On the moon-lit beach, the main group found a mystery. Fresh tracks led high up the beach, into the tangle of creeper weeds. It seems a turtle had started to nest there, but had given up. They were searching: Had the olive ridley nested there after all? Might they find eggs? Or had she come from the ocean again and nested nearby?
While they were slowly searching, she had nested only 10 meters away. We race to catch up with the main group and see the nesting turtle – too late. The turtle is gone, her task done. Oh! I missed seeing an olive ridley! Hungrily, I look at photos a young person [student?] had just taken of the two-foot-long turtle, mostly submerged in sand. “It kept flapping its wings,” someone says of the flippers, its tracks in the sand a bit like snow angels.
Carefully, the volunteers remove the eggs, which look like moist white Ping-Pong balls, flecked with sand, from the pot-shaped hole. “Thirteen,” someone shouts gleefully. “Fifteen.” “Fifty-three eggs!” The final count is 82.
As we walk back, tiny, slender bioluminescent flashes, bright as silver lightning, occasionally highlight the crashing, foaming-white waves.
“Don’t walk! Don’t walk! Stay there!” Dharini shouts as dark, fast-scurrying hatchlings surround us. “Behind your right leg! Don’t move!”
By moonlight, everything except the shimmering sea is shades of dark velvet. The turtles racing toward the sea are darker than the sand. Proving the hazards of development and shore lights, a three-inch long baby turtle turns away from the water and heads straight to a camera shining a dim light at sand level. Other turtles follow the Pied Piper of a flashlight. Ten, twenty, fifty—it’s impossible to count the hatchlings racing to the sea. People gather as many turtles as they can in a huge shawl and try to count the wriggling mass of life. Sixty-five, they decide. Then they put down the turtles. One in a thousand will survive, it is estimated. The females will use their geomagnetic GPS-like systems to return, magically, to this beach.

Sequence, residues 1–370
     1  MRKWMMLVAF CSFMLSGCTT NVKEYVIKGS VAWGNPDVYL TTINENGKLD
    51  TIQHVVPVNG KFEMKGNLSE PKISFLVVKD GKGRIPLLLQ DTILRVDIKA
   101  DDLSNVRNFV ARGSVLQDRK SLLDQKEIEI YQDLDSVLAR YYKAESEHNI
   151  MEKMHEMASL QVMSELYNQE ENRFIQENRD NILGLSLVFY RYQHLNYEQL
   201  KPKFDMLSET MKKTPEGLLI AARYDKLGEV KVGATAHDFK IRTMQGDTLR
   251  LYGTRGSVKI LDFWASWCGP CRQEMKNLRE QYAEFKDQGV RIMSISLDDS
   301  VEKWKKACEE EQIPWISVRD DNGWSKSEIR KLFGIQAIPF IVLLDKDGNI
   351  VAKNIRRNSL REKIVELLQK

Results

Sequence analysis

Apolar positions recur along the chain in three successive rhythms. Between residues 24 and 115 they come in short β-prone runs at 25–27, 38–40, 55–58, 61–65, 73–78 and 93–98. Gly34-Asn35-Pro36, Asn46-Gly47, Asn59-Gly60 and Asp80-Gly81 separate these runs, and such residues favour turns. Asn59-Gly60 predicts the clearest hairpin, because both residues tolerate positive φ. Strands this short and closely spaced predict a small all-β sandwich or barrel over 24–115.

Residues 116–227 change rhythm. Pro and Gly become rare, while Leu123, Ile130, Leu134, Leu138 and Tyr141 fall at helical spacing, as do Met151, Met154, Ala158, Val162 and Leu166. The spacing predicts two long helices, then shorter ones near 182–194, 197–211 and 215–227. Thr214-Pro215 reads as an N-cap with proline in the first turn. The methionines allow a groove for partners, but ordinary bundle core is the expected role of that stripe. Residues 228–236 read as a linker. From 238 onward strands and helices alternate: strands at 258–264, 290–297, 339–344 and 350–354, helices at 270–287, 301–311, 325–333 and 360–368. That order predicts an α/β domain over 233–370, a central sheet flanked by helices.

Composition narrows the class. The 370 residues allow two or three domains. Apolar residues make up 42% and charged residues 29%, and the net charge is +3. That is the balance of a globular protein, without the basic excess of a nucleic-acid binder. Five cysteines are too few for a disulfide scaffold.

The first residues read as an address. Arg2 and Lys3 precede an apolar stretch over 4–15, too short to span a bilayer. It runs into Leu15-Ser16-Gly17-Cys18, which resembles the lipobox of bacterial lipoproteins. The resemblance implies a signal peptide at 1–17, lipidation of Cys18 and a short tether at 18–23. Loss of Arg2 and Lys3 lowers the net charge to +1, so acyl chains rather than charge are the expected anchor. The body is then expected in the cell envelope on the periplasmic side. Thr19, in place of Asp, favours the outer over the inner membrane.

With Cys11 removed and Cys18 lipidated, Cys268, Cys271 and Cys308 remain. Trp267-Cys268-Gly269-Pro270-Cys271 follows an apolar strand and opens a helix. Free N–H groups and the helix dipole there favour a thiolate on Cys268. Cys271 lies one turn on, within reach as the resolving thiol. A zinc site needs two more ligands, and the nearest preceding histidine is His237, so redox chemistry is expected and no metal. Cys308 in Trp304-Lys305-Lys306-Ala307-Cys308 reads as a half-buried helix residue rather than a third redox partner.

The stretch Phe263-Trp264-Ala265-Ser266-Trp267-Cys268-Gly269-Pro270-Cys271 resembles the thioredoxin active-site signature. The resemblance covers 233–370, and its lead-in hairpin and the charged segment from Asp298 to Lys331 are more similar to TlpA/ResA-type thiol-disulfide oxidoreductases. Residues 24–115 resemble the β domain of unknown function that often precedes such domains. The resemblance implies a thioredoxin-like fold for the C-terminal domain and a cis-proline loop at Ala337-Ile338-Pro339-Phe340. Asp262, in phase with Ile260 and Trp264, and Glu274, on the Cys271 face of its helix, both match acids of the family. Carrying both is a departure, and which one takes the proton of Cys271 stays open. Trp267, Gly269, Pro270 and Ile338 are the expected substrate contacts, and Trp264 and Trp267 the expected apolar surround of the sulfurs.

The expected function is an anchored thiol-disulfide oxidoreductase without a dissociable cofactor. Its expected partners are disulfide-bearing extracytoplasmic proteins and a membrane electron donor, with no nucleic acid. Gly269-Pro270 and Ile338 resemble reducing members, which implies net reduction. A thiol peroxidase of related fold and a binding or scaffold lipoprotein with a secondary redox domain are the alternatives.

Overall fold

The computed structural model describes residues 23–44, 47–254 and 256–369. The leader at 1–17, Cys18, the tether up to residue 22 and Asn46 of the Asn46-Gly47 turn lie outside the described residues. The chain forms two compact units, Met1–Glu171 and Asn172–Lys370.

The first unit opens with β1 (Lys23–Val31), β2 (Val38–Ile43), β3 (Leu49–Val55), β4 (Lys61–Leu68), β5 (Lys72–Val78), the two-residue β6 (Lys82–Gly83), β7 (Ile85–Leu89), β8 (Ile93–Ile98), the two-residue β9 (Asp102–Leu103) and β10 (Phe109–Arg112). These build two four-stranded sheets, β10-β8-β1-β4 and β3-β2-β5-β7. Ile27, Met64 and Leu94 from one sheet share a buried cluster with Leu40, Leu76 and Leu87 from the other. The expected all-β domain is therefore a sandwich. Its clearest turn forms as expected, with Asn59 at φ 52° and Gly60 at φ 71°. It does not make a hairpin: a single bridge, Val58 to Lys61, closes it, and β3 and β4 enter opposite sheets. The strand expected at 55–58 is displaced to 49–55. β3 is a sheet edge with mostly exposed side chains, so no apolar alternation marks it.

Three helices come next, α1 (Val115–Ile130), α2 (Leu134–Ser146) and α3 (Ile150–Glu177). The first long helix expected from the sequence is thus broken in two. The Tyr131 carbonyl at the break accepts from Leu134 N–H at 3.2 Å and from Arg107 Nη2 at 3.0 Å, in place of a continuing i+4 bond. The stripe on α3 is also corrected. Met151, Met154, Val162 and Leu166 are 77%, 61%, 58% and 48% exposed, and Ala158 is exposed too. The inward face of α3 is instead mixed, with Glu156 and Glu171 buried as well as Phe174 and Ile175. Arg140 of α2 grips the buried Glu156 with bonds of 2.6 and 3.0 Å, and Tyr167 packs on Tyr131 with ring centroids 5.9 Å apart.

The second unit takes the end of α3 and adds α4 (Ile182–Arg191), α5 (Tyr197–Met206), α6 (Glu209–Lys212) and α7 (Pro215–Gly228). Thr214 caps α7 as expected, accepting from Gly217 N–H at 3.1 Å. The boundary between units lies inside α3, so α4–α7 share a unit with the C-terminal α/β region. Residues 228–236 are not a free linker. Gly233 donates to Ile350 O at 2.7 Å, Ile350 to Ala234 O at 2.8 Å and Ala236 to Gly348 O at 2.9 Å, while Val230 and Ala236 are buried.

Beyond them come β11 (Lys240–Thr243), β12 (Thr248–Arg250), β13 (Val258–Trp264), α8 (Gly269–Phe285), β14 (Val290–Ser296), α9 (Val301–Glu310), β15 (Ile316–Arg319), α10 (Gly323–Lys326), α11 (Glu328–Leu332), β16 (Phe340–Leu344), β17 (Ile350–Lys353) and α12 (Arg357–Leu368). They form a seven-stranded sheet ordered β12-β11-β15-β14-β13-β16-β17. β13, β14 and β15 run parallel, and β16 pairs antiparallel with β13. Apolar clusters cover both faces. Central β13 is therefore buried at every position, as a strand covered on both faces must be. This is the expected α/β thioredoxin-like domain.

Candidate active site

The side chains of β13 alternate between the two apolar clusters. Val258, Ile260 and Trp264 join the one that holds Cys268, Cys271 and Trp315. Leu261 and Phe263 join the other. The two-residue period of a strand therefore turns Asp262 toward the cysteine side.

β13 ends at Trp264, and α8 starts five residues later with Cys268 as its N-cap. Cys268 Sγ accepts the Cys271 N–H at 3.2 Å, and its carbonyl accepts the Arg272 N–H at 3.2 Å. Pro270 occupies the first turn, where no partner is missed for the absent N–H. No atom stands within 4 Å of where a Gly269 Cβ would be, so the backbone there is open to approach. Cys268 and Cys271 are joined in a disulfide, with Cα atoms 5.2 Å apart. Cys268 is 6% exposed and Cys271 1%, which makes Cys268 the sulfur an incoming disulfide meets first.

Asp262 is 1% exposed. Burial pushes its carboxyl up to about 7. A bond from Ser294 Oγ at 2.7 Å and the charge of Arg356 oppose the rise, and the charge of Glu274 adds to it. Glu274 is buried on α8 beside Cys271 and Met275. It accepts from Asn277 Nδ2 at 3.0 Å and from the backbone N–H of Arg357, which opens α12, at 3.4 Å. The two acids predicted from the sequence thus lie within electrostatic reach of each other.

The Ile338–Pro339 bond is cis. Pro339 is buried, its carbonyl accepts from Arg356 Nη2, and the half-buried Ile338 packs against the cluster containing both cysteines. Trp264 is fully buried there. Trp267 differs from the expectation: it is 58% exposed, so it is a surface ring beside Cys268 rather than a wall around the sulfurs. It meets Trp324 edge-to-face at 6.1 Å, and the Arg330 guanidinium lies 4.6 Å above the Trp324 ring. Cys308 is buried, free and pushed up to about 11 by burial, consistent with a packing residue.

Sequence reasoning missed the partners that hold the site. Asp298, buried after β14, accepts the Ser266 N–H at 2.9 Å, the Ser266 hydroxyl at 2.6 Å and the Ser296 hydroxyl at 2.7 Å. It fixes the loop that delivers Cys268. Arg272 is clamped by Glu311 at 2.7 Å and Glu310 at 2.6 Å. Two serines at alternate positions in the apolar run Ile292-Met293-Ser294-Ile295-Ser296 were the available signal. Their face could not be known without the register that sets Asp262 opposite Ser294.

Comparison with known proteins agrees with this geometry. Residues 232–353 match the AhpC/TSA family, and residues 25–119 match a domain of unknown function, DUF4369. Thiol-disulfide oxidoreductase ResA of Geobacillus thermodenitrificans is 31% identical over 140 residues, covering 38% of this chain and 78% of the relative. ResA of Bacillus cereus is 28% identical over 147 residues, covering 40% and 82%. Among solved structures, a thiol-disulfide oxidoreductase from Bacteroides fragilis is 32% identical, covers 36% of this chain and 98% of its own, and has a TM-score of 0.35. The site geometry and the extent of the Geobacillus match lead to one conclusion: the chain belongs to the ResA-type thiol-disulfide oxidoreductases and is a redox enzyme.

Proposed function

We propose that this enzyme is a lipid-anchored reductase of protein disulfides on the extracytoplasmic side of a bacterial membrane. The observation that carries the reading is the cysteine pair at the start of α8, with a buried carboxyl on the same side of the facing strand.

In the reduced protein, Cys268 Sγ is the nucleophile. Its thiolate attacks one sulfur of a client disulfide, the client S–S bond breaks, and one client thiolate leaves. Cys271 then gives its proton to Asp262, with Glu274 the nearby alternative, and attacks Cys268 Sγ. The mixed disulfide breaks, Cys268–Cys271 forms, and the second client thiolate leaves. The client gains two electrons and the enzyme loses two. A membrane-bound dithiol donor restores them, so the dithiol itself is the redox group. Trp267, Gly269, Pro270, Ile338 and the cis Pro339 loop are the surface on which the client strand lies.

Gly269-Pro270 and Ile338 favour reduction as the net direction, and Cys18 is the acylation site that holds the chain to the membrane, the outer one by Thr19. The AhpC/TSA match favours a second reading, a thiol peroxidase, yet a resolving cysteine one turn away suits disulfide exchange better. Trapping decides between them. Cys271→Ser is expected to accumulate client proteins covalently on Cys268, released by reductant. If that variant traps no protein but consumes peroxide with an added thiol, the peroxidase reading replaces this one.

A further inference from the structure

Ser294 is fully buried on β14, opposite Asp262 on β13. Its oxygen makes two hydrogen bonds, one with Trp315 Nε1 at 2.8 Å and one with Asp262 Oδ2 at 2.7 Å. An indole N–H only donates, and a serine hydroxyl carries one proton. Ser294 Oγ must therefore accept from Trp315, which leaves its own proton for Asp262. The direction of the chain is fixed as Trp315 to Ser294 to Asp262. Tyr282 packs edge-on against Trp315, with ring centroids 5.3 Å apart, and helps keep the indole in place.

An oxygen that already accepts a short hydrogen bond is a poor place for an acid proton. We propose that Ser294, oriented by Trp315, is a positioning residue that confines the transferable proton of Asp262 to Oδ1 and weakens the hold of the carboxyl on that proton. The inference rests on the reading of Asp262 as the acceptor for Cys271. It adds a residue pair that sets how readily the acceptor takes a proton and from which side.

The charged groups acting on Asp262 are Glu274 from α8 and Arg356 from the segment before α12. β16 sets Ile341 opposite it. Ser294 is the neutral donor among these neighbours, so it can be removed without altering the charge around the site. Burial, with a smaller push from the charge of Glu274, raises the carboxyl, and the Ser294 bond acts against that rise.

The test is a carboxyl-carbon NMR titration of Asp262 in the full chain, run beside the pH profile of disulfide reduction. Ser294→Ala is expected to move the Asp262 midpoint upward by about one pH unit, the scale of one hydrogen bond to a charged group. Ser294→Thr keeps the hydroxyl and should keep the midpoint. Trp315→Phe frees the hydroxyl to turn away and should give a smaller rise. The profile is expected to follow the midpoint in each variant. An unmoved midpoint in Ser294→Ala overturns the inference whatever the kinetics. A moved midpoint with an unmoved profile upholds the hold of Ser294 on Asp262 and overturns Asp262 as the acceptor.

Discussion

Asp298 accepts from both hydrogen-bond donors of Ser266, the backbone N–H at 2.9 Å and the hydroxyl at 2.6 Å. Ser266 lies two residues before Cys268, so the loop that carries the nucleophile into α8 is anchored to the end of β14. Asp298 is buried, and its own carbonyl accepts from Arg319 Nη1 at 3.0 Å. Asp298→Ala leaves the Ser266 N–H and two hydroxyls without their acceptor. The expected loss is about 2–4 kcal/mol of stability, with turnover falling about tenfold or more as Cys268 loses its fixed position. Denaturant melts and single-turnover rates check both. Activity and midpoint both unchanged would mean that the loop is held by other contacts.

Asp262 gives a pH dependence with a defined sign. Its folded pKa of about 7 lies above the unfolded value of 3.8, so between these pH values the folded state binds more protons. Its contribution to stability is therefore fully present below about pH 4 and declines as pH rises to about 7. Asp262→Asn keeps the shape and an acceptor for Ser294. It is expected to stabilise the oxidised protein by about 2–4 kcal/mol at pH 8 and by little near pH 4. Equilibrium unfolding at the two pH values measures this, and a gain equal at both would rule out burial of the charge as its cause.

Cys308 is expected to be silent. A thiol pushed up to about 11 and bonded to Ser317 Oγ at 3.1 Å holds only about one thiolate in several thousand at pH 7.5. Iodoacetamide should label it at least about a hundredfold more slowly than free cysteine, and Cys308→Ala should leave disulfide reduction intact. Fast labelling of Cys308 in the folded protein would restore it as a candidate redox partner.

A wave crashes over five hatchlings, carrying all but one out to sea. Suddenly, it is all over. But we wait. “We just want to check if anything is remaining. Otherwise the dogs will get them.” Six laggards wiggle, headfirst, out of the sand. Then five more.
The night ends back at the hatchery as volunteers take turns planting the eggs in an enclosure where they will be protected from dogs and boys and heat and the temptation, at birth, to head toward street and house lights. The eggs are soft and flexible, indenting promptly at a gentle touch. Soon, the Tree Foundation members would create a roof for the hatchery thatched with long, dried brown coconut leaves “because it’s becoming warmer earlier nowadays,” Dharini says. Without the covering, when the temperature hits 95 degrees there would be, as Ezhumalai puts it, “boiled eggs.” Because the hatchlings’ sex is determined by their incubation temperature, even slight changes in temperature could lead to changes in the sex ratio.
The educational walk leave can leave visitors thrilled and environmentally inspired. I didn’t see a sea turtle tonight; I saw scores of them!
Saving the sea turtle
What do the olive ridleys mean for the sea, and for us? “Olive ridleys and sea turtles are flagships for a wide range of coastal and marine habitats, including sandy beaches and dunes, coral reefs and seagrass meadows,” Shanker later told me. “Creating the political and social will to protect sea turtles protects these habitats.
“The loss of a large vertebrate often has downstream impacts, but to me one of the biggest losses would be the loss of the arribada” – the mass nesting in a few days of more than 100,000 turtles in a two-mile area in Orissa, a state far north of Chennai – “a spectacular natural phenomenon, a natural heritage.”